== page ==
2571: Hydraulic Analogy
Title text: Current (water) running through the water (wires) causes it to boil, increasing the pressure (voltage), but resisting (impeding) the flow of hydroelectricity (water currents). This is the basis for Ohm's law.
Electric flow is commonly represented by a "hydraulic analogy". In this analogy, the water pressure represents voltage and the flow of the water is the current. Electric resistance is represented by a constricted section of a pipe.
Miss Lenhart is teaching a class and starts to explain this analogy when Cueball suddenly has an idea and changes her diagrams - connecting the electrical diagram and the hydraulic diagram. In doing this, he has envisioned what comes to be called a "liquitricity device", combining liquid water and electric current flows together and given a suitably portmanteau title.
The last panel shows that Miss Lenhart and Cueball eventually receive the Nobel Prize, presumably the Nobel Prize in Physics, for the design and construction of the device - indicating that rather than being purely theoretical it has actually been practical to make this device.
The title text 'explains' how this device works and references Ohm's Law, one of the fundamental laws of electricity, but strangely seems as much an incomprehensible mix of the two as the diagram in explaining whatever form of possible duality it actually employs.
Randall already mixed water flow and circuit diagrams over 10 years ago: one of the footer comics, 730: Circuit Diagram, displays a very complex circuit diagram. Although no pump or direct water flow can be found here, it all ends up in a beaker with holy water. And there is a symbol labeled 3 liters, at the bottom close to the beaker. This is the symbol for an orifice or flow restriction used on plumbing or hydraulic diagrams.
- [Miss Lenhart stands next to a white board with two diagrams while pointing to the first. While she is explaining Cueball interrupts her from off-panel as seen by his voice coming from the right side out of a starburst on the panels edge. The diagrams are a schematic circuit diagram and a water flow diagram. There is a battery (with labels on top and bottom) on the left and a resistor on the right of the circuit as well as labels on each of these and one at the top part of the wire. There is a pump to the left and a tighter section of the pipe to the right, as well as labels on these and on the top part of the pipe. At the bottom there is two arrow pointing in towards the pipe, this also has a label.]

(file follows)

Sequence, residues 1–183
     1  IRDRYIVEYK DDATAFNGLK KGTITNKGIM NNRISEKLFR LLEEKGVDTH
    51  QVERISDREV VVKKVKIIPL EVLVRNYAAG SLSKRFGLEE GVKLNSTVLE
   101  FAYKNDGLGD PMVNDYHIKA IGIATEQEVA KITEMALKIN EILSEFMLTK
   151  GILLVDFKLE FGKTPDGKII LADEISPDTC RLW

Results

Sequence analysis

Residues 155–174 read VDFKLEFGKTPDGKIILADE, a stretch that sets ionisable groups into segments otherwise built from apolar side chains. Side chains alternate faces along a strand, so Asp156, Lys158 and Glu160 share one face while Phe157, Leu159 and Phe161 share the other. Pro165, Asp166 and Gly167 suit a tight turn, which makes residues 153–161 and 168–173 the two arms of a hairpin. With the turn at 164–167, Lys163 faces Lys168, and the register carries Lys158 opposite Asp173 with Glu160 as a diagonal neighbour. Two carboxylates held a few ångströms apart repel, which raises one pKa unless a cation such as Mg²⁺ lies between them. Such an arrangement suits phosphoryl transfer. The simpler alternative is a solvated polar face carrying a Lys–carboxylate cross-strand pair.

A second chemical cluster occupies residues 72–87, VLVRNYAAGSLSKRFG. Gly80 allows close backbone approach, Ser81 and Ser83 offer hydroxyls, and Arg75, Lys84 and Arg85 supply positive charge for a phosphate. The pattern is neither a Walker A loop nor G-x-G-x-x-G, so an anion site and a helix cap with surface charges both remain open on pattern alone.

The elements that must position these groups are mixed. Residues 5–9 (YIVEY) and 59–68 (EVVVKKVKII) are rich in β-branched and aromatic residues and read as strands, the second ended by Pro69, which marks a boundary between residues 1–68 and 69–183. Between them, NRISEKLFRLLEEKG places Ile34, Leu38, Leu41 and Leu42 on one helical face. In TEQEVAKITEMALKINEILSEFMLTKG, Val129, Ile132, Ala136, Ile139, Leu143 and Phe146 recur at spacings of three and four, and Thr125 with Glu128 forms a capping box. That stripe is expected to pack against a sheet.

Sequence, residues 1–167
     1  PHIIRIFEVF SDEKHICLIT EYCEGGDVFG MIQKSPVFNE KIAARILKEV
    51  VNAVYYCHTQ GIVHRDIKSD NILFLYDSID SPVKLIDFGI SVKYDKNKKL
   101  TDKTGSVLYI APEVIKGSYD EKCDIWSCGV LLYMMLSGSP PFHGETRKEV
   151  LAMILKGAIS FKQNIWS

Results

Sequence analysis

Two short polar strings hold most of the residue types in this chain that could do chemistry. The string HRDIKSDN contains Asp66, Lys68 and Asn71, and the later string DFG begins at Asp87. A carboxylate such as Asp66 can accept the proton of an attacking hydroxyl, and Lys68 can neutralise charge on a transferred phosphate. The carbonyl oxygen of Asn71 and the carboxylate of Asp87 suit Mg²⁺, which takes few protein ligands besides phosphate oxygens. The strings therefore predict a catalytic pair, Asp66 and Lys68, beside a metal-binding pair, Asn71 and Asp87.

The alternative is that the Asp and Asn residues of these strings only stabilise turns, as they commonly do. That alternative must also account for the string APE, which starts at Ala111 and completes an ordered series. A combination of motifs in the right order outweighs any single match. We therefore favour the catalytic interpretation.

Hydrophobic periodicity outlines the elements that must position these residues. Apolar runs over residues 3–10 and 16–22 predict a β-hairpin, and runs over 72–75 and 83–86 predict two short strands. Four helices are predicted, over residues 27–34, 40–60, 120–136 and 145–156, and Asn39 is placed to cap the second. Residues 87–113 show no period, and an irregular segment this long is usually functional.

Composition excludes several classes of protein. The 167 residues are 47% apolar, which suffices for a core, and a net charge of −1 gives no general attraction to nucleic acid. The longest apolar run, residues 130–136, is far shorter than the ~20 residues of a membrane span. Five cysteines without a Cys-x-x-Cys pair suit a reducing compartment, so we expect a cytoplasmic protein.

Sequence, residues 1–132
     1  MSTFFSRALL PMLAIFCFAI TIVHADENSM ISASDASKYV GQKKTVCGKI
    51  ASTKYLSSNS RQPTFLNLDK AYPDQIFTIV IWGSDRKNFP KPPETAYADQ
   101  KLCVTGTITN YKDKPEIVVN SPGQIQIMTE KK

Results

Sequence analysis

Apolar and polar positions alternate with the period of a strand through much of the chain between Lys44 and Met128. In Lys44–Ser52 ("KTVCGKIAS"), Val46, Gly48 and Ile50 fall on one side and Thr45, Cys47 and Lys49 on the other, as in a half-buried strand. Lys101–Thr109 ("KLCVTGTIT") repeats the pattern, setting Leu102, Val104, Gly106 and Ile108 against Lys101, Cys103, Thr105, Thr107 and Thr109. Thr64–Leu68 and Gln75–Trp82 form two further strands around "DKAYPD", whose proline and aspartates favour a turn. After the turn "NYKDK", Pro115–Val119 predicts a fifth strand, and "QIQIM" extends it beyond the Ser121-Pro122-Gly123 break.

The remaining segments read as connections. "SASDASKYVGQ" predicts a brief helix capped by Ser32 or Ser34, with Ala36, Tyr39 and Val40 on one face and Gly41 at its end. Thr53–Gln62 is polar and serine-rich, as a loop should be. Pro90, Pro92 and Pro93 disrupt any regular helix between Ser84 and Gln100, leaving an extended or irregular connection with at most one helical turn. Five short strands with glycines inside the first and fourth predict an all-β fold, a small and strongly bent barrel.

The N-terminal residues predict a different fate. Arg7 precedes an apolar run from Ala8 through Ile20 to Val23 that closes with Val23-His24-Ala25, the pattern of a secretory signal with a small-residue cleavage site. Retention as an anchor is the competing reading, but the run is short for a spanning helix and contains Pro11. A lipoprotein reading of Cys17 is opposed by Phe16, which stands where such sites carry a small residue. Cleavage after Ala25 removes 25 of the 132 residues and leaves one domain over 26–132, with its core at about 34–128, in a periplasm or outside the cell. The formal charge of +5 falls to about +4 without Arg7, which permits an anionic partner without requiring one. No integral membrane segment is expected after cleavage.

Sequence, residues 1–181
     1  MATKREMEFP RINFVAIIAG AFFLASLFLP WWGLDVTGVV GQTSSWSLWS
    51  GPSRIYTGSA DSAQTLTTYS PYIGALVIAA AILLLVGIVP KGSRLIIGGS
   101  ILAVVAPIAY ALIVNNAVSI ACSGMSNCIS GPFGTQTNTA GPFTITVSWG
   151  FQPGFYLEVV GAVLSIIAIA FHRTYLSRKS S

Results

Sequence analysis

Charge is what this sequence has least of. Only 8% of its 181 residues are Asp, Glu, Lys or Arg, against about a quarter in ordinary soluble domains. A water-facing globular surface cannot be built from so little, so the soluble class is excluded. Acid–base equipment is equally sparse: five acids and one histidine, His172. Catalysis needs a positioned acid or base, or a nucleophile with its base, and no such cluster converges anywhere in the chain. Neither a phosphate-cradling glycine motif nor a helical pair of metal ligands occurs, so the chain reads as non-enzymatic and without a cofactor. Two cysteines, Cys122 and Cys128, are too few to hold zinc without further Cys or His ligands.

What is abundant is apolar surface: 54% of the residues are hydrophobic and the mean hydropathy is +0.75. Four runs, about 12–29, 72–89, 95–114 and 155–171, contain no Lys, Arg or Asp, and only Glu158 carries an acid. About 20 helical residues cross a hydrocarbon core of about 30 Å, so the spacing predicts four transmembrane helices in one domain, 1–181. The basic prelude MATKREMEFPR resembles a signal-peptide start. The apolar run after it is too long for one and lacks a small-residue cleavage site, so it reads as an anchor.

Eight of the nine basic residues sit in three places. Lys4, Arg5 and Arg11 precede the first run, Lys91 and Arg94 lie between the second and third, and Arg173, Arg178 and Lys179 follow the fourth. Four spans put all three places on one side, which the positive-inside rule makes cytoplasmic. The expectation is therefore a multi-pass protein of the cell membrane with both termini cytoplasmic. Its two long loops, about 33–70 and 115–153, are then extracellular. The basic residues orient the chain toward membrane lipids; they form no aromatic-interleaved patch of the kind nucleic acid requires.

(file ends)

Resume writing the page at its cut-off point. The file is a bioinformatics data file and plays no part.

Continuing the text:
- Miss Lenhart: Electric current is like water flowing in a pipe. The pressure represents-
- Cueball [off-panel]: Wait, hold on.
- Labels on circuit: + - V I R
- Labels on flow diagram: Pump F R D
- [The view changes so Miss Lenhart and the white board are seen from the side. She still stands next to the white board, arms now down, as Cueball approaches the board with a marker held in one hand. The diagrams can still be seen, but distorted from being viewed from the side, and no labels are readable.]
- Cueball: Do you mind if I just...
- [Zoom in on Cueball, who is drawing on the white board, which is the left edge of the panel, i.e. not visible in the panel. Noises from the marker drawing on the board comes up from the tip of the marker pen. The movement of the pen is indicated with small lines on either side.]
- [Miss Lenhart and Cueball, holding the marker pen down, stand on either side of the white board looking at Cueball's version with the merged diagram. He has connected the two, so instead of the wire going down after the resistor in the circuit diagram, it now is connected with water flowing to the right just below the resistor, and then up into the pump to the right of the resistor. At the bottom where the water pipe before bent up into the pump, the water now continues running to the left (the pipe was not drawn around it by Cueball), and it now flows where the bottom part of the wire, from the circuit, was before, turning up below the battery and connecting with it there. All the labels from before have been retained as follows.]
- Labels on diagram: + - V I R Pump F R D
- [Miss Lenhart and Cueball stand on a podium with a Cueball-like presenter. The presenter is holding two Nobel Prize medals up in his hands. He is holding them from the strings they are attached to, so the medals hang below his hands.]
- Presenter: And for the design and construction of the liquitricity device, the Nobel Prize goes to...
This was the sixth comic to come out after the Countdown in header text started.
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